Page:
The Tiny Houses of Black Rock City: Cargo Cult

Another Burning Man event has come to a close and Black Rock City this year was jam packed full of interesting camps and structures. The city is the area where the nearly 60,000 people who come to the event live. Their “homes” are a selection of unique structures, trailers, buildings, tents, yurts and other forms of shelter that keep out the harsh sun, sometimes heavy winds and the dust that permeates the air.

Last year, we camped by Tin Man and his fantastic metal pods. This year, we camped by him again and noticed the pods have been improved and they multiplied. Tin Man, a metal worker from Sacramento has been featured in Popular Science magazine with his walking pod, and his pod cabin is his home on the Playa. The bottom pod is a kitchen, the middle pod is a shower area and the top pod with the view is his bedroom. He even had a few guests staying in his camp and created a self-contained micro pod and some guest pods made of curtains.




There were a lot of shipping container shelters out on the playa this year including this one with a constructed inner building that is air conditioned and accessed by a real door. This container was used by one of the Black Rock Rangers. Rangers are the city’s peacekeeping and helpful guides. They help people who are lost, work perimeters during various burns and stay in the city sometimes for several weeks.



There were some very interesting domes this year including this structure that looked like an igloo.


This dome was made entirely out of loaves of bread.


These domes were kept full by constantly pumping air into them via a generator.


This dome was built to look like a large bird of prey.


If you come to Black Rock City in a tent, there are various structures you can place over your tent to keep it cooler and dust free. Our neighbor Kristal Light built a Monkey Hut around her Coleman Bayside tent (which even had a swinging door and a small closet) and our other neighbors built a custom sized post structure around their tent.





Some very colorful structures were in the city this year including yurts, circus tents, Moroccan tents and even a tipi covered in silk scarves.





Of course, there were some beautiful little trailers in the city as well.




Some unusual structures included a teardrop trailer sans trailer built onto the bed of a truck.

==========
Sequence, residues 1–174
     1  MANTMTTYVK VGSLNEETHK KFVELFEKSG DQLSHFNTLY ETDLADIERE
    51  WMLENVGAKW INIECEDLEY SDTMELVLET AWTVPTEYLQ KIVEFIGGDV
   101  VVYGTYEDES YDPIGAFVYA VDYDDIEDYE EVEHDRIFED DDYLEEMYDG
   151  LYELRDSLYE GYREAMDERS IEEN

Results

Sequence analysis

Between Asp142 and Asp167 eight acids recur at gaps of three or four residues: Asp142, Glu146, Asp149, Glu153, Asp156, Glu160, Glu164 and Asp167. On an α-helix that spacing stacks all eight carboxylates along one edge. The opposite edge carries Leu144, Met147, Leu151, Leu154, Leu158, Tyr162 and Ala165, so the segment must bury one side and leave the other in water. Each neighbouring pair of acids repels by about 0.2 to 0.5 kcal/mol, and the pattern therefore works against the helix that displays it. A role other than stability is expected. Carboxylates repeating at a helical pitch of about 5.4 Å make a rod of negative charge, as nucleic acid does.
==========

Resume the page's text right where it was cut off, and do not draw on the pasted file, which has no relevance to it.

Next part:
A castle called the Coo Coo Camelot.


A yellow, or lello, structure built on top of a shipping container. This structure was used by members of the Department of Public Works, the group who builds Black Rock City.


The Open Mind Zendo near Fractal Planet was built out of cardboard boxes.


This treehouse structure was built and used by the camp Dustfish.


Hands down, my favorite camp in all of Black Rock City is Ashram Galactica. Their extremely well run camp contains the Grand Hotel, a colorful yurt and a set of beautifully decorated canvas bunk houses that serve as the Ashram Suites. Each of the suites are gifted by raffle to denizens of Black Rock City in a nightly drawing. They each have a theme including the Shanghai Suite, the Cambridge Suite and the French Boudoir.







Photos by Christina Nellemann

By Christina Nellemann for the [Tiny House Blog]

16 thoughts on “The Tiny Houses of Black Rock City: Cargo Cult”

  1. Well, no shortage of variety there. Personally, I’m interested in tiny homes that fit into the extremes of our New England climate. There certainly was no lack of imagination at the Black Rock City gathering.

    • Walt,

      I am working with architect Carl Richardson from Rochester, NY to come up with smaller home designs that will excel in the Finger Lakes region. We get plenty of humidity coming of Lake Ontario, cold winds, and varying amounts of snow depending upon where you live. Summers can be extremely hot. I am also working hard to have http://www.lexadomehomes moved to Rochester from British Columbia.

      Let me know if you would like additional information. I have quite a few irons in the fire.

      Ron Friedman
      Rochester, NY
      Skype: Ronjf1

  2. Thanks for this great post. I’ve never been to burning man but hope to get there one day. In the meantime I can get a little taste of what it must be like from posts like this. It looks like it was a real blast.

  3. Just a few weeks ago, as I was coming to the conclusion that I wouldn’t make it to BRC this year, I was wondering when the vast array of B.M. shelters would make it to this blog. I haven’t been to Black Rock City since 2010 and I miss it. The Tin Man has serious talent, as do so many burners…that must be a great view from the bedroom pod!

  4. Again this year I vicariously watched online! I love all the creativity and it was wonderful to see the pic’s of the camps. Thanks!


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